Just a few things I found interesting from last night’s Academy Awards. I’ve never actually sat down and watched them before, so it was sort of an enjoyable experience. It’s very rare that you have that many pretentious people all in one room, that’s for sure.
-Before the show starts, somebody (Robin Roberts, maybe?) interviews Natalie Portman. I’ve always had a celebrity crush on her based purely on the characters she plays in movies, so I was interested in hearing her “real” persona for once. Unfortunately, I wasn’t impressed. Portman talked about the “artistic process” that went into Black Swan in the most vague, nonsensical way possible. Give me a break with the artistic process bullshit. “So what was the artistic process behind No Strings Attached?” would have been the perfect follow-up question to that. Blown opportunity, Robin Roberts (or whoever the hell it was.)
-Another actor who lost major points for pretentiousness preaching was Tom Hanks. I’ve never loved Hanks as an actor (Forrest Gump is the most overrated film of the last 25 years, in my opinion) but he at least seems like a somewhat normal, relatively down-to-earth guy. He sort of shattered that perception for me though, by comparing being nominated for an Academy Award to “looking at French impressionistic painting.” Interesting comparison, but then he doesn’t follow it up with how the two things are similar. If you make a ridiculously obscure analogy between two things that the audience has no real knowledge of, shouldn’t you be obliged to expound a little bit on what the hell you mean?
These two things are roughly equivalent, apparently.
-Ok, so Anne Hathaway and James Franco are hosting the thing, and right off the bat everyone knew there was no way they’d be doing anything controversial. After Ricky Gervais was just killing people at the Golden Globes, these two are just up there to look good, smile, tell a couple corny jokes, and make everyone feel good about how awesome they are. And I think they generally did a solid job hosting-wise. A little boring yeah, but the jokes weren’t groan inducing at least, and the pre-Oscars montage where they go into Alec Baldwin’s brain was very well done.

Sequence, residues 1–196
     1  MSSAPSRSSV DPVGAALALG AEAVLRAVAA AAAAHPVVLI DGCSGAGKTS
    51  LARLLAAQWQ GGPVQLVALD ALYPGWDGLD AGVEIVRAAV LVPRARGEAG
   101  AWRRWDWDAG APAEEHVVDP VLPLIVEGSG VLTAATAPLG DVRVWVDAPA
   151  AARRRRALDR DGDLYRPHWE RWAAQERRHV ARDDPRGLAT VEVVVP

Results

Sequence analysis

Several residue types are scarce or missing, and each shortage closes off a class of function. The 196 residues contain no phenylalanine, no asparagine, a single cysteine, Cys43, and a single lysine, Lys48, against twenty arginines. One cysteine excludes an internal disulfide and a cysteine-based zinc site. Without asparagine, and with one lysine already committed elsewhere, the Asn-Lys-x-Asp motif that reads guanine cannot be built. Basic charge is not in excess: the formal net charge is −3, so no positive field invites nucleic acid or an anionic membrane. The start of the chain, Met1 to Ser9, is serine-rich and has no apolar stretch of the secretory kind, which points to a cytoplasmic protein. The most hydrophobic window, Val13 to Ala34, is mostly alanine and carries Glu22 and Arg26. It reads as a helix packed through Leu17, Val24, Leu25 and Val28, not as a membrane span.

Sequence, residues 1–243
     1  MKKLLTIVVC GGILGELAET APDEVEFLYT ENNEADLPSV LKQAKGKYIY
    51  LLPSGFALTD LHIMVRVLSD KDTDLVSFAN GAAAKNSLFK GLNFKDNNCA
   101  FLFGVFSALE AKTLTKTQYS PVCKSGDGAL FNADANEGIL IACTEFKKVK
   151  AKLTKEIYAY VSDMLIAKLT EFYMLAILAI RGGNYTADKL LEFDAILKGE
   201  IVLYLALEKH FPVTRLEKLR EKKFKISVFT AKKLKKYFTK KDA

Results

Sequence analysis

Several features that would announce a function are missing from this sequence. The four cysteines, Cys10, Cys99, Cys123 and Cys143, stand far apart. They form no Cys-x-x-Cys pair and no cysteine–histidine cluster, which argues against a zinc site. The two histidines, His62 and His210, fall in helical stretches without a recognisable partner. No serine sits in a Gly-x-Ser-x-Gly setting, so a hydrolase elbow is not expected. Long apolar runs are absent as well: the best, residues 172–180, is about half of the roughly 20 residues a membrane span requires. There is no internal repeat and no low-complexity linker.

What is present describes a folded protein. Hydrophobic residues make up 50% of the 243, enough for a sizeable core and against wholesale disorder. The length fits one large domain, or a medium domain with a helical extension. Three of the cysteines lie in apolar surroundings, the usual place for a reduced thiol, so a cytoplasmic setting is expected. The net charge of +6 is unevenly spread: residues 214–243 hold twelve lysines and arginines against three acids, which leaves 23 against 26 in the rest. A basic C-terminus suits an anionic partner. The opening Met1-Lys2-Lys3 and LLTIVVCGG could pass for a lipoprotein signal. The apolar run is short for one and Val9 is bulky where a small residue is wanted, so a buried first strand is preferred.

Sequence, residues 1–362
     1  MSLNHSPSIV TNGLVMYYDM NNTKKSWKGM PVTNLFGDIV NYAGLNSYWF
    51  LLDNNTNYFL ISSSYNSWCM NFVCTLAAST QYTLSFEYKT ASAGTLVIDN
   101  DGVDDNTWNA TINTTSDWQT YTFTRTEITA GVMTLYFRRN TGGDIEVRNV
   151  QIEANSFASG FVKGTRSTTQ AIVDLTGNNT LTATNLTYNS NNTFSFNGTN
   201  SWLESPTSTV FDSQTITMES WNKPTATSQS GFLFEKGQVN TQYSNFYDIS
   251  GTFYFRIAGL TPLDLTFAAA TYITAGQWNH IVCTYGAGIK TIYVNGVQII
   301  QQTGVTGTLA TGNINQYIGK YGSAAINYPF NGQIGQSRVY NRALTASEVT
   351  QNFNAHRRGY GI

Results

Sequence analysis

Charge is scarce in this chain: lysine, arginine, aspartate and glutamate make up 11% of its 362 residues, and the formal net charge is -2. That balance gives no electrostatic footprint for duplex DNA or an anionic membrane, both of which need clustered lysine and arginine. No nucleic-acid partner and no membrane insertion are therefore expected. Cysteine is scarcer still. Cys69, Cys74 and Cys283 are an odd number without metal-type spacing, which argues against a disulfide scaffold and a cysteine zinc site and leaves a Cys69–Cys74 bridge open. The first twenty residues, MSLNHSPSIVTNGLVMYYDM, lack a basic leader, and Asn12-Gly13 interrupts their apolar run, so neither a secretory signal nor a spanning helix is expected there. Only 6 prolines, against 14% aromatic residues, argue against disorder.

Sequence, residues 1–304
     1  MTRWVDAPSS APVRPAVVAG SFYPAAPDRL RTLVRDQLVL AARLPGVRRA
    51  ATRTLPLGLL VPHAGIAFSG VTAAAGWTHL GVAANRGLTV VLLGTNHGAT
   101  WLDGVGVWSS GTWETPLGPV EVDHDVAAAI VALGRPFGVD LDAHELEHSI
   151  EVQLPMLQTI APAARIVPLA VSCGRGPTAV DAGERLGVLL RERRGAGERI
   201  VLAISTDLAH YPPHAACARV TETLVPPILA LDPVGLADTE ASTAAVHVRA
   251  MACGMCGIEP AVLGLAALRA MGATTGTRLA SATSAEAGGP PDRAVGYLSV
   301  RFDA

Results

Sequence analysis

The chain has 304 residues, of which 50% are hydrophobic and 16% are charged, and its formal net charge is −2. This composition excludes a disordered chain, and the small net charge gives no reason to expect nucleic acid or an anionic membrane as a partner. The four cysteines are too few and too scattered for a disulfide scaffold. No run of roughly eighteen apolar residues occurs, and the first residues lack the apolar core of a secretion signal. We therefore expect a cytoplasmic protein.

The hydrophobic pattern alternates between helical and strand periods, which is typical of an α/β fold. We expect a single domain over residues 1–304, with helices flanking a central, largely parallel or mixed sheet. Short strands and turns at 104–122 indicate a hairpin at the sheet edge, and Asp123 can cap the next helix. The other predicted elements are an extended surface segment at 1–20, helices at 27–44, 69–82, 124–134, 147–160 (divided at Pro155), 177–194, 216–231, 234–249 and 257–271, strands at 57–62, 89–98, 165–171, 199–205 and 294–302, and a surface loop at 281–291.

-The biggest joke of the night was Hailee Steinfeld being nominated for Best Supporting Actress. I’ve seen True Grit twice; Steinfeld is in every scene and is the main focus of the movie. There’s no way she’s not the lead actress, but whatever. Melissa Leo from The Fighter wins the award, which sucks because I really wanted to see a 14 year old give a speech.
-Also disappointing was the fact that Exit Through the Gift Shop didn’t win Best Documentary. In a night filled with people patting themselves on the back, it would have been great to see Banksy, who is decidedly outside the Hollywood mainstream, give an acceptance speech. Also, who knows what he would have shown up in.
-I’m just gonna put this out there: Sandra Bullock sucks. Yeah, she won Best Actress for The Blind Side, but her filmography is a joke. Miss Congeniality? Speed 2? The Proposal? That’s one thing to hate about the Academy Awards; as Anne Hathaway pointed out, they reward one performance, so a horrible actress like Bullock can carry the Academy Award-winning title around for the rest of her horrid career. Very annoying. It’s sort of like the fact that Ron Artest won an NBA championship. Makes me sick.